They blame it on sexual abuse. I had bladder surgery when I was a little kid because of chronic bladder infections. They had to do horrible tests to find out what was causing them. My mom was not allowed in the room where they held me down to insert a tube up into my bladder. Some might call this rape. But, I don’t really remember it.  However, because I knew the story, this is what I initially used for blaming my same-sex attraction.  In researching, I came to find out there are people who go through far worse abuse that has more evil intent than a medical procedure, and they end up being heterosexual.  Perhaps some abuse has kept some women from being able to get close to men; but as a whole, there is no validity for sexual abuse to cause same-sex attraction.

Neither abuse nor medical trauma is the cause of me being attracted to women.

Some people have come up with strange ideas in an effort to blame. I had one individual try to blame my same-sex attraction on this, “You probably looked at beautiful women throughout your life, wishing you could look like them because you did not like how you looked. I can see how Satan could twist that into you being attracted to women.”  This is FALSE! In fact, I have never once in all my life wished I looked like another woman. HA! If anything I was jealous of boys who got to wear their hair short and run around in the Texas heat without a shirt. In elementary school, I hid the Barbie doll my aunt gave me in my chest of drawers. I did not want to look like her.

Desire to look like another woman is not the reason I’m attracted to women.

I have also been told, “maybe you haven’t tried hard enough to be attracted to men.”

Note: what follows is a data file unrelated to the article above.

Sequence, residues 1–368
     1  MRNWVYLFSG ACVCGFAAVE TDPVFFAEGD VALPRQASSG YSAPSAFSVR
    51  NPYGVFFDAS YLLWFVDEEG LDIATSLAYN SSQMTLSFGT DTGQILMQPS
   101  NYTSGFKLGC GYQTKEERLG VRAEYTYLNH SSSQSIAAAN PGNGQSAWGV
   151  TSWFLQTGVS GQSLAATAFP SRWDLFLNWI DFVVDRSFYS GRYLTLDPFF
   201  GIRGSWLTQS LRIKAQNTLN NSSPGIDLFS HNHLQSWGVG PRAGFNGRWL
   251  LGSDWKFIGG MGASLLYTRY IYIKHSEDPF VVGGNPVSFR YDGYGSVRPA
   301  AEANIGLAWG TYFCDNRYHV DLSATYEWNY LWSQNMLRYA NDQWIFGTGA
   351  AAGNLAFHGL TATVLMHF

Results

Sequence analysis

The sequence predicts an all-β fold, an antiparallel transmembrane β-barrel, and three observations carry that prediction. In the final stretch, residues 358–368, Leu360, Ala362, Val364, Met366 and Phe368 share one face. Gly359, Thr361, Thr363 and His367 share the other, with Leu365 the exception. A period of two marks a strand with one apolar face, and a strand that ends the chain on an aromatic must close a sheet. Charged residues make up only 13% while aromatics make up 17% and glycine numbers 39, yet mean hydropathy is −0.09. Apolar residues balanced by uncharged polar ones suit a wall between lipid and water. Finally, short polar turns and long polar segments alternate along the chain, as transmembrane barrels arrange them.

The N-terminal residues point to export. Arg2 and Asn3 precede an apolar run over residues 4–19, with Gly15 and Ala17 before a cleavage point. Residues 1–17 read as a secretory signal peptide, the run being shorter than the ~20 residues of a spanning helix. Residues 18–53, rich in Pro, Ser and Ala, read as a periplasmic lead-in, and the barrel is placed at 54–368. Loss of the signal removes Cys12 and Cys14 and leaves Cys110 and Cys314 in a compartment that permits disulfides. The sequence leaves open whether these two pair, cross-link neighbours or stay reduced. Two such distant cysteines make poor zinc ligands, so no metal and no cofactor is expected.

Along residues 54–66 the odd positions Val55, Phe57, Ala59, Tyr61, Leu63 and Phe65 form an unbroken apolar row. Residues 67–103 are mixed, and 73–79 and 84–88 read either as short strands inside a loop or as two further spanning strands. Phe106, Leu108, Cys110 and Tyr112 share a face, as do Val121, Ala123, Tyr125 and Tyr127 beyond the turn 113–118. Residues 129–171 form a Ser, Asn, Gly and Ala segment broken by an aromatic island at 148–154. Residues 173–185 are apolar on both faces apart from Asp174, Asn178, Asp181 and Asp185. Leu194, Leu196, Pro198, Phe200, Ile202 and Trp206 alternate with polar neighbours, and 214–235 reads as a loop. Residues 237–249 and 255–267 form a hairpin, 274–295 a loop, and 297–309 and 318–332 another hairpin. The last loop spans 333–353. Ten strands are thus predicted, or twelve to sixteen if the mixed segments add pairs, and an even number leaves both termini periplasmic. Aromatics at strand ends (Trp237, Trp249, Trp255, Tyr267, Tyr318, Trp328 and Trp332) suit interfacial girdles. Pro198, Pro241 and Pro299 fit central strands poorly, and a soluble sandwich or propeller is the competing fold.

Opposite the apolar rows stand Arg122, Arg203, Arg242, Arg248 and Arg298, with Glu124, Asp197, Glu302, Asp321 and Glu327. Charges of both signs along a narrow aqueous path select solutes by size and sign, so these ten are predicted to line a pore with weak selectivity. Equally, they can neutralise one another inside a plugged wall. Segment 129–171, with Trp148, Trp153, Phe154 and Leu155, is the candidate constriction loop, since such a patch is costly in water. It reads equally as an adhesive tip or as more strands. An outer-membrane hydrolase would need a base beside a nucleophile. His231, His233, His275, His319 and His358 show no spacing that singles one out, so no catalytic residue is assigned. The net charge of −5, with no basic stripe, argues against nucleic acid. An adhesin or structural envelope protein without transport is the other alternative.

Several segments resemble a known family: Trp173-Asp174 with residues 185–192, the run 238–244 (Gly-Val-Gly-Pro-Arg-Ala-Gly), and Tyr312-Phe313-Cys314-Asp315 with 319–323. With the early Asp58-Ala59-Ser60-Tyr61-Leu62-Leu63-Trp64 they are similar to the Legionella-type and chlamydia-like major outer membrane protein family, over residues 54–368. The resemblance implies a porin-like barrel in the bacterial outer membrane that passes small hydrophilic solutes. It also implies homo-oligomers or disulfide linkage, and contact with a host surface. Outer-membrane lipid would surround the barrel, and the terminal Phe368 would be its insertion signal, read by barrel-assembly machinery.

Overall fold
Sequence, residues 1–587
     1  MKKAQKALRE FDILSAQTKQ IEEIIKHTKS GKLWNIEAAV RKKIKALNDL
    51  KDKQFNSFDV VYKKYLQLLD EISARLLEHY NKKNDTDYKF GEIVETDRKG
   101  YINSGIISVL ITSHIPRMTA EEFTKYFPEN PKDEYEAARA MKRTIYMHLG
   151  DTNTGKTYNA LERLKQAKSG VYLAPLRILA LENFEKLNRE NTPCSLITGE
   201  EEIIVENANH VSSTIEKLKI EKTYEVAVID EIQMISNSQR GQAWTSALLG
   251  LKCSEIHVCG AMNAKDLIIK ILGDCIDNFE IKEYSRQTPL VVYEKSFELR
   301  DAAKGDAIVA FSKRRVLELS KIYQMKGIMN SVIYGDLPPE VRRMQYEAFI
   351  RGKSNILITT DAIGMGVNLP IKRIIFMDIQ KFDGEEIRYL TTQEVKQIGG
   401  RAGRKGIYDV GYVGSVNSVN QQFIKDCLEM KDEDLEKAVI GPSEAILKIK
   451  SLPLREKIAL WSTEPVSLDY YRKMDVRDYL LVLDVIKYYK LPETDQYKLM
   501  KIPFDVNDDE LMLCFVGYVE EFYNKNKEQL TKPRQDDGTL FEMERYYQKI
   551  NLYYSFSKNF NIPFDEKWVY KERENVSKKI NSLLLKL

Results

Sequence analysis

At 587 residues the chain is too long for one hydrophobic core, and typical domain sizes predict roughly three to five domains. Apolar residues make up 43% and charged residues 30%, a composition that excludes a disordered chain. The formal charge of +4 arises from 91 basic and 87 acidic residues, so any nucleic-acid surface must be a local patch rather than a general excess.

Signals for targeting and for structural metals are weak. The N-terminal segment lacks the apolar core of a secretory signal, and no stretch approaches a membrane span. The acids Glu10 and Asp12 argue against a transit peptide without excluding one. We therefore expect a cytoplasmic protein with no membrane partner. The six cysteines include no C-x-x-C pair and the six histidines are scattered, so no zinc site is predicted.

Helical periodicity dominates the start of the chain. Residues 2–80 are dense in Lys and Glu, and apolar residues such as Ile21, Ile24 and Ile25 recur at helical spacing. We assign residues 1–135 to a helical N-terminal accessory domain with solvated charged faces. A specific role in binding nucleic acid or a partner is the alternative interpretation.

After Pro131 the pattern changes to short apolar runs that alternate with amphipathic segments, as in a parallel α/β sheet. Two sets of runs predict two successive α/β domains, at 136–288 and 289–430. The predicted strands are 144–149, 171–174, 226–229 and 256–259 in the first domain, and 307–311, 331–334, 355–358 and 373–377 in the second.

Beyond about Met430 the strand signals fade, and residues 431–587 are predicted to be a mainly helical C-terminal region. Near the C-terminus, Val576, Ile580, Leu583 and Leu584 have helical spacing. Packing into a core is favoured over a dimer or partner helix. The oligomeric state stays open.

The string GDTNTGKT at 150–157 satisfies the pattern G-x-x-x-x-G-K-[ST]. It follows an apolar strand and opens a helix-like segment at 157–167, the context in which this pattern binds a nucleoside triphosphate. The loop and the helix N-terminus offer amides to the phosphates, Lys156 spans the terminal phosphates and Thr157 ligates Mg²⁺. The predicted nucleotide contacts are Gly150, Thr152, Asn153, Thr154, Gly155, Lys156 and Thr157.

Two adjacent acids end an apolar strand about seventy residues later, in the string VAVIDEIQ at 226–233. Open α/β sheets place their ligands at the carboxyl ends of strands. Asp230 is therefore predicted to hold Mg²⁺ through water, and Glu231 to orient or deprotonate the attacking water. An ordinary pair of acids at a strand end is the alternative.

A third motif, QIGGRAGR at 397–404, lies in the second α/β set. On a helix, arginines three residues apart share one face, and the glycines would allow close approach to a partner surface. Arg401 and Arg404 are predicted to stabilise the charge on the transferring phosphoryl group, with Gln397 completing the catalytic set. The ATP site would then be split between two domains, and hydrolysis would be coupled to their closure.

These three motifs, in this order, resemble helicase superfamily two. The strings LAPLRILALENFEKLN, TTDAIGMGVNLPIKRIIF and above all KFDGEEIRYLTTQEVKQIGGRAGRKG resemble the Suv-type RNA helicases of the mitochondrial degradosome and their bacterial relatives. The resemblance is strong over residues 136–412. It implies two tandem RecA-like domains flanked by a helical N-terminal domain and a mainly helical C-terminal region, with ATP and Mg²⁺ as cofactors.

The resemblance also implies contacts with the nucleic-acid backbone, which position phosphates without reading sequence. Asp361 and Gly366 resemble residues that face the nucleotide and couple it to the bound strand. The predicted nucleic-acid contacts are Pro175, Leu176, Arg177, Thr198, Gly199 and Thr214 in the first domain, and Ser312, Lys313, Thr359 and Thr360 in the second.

I’ve had many friends who are guys that I enjoy outdoor adventures with and who have the same moral values as myself. Throughout my whole past I have tried so hard to be open to the idea of pursuing a romantic relationship but there was just something missing that I could never identify. Finally, it all makes sense. I’m not attracted to men. I have no sexual desire for men. I don’t know how much harder I could try; and the truth is that if I did make myself pursue marriage with a man, it would not be healthy and would be a disservice to both of us and God.

I’ve tried. I can’t try any harder. It’s not my fault.

So who else and what else should we blame this on?

How about God?

I think David says it best in Psalm139:13-16,

“For you created my inmost being;
You knit me together in my mother’s womb.
I praise you because I am fearfully and wonderfully made;
Your works are wonderful,
I know that full well.
My frame was not hidden from you when I was made in the secret place.
When I was woven together in the depths of the earth,
Your eyes saw my unformed body.
All the days ordained for me
were written in your book
Before one of them came to be.”

I don’t blame God….NO, I THANK GOD…. for taking such interest into my innermost being and for constantly molding me, with all my qualities and characteristics, into a better person that He knows me to be.


One response to ““Who to Blame?”: Guest Blog Series

  1. How beautifully written, Josha! I always loved the ending tag in the Veggie Tales videos my girls watched when they were little: “God made you special, and He loves you very much!” God indeed made you special.